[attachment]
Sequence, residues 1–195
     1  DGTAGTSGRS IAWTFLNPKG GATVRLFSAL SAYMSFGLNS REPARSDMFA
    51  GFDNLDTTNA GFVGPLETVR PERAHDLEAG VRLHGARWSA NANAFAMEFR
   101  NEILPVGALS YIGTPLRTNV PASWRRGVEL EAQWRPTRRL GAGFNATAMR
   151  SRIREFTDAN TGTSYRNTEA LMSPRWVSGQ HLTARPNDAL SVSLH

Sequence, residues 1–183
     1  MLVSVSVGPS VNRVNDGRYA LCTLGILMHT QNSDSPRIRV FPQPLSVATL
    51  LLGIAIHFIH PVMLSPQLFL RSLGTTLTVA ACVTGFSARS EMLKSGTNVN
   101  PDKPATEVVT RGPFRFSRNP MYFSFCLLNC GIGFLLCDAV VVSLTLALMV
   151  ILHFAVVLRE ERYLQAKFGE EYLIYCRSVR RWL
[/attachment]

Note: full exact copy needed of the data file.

Sequence, residues 1–195
     1  DGTAGTSGRS IAWTFLNPKG GATVRLFSAL SAYMSFGLNS REPARSDMFA
    51  GFDNLDTTNA GFVGPLETVR PERAHDLEAG VRLHGARWSA NANAFAMEFR
   101  NEILPVGALS YIGTPLRTNV PASWRRGVEL EAQWRPTRRL GAGFNATAMR
   151  SRIREFTDAN TGTSYRNTEA LMSPRWVSGQ HLTARPNDAL SVSLH

Sequence, residues 1–183
     1  MLVSVSVGPS VNRVNDGRYA LCTLGILMHT QNSDSPRIRV FPQPLSVATL
    51  LLGIAIHFIH PVMLSPQLFL RSLGTTLTVA ACVTGFSARS EMLKSGTNVN
   101  PDKPATEVVT RGPFRFSRNP MYFSFCLLNC GIGFLLCDAV VVSLTLALMV
   151  ILHFAVVLRE ERYLQAKFGE EYLIYCRSVR RWL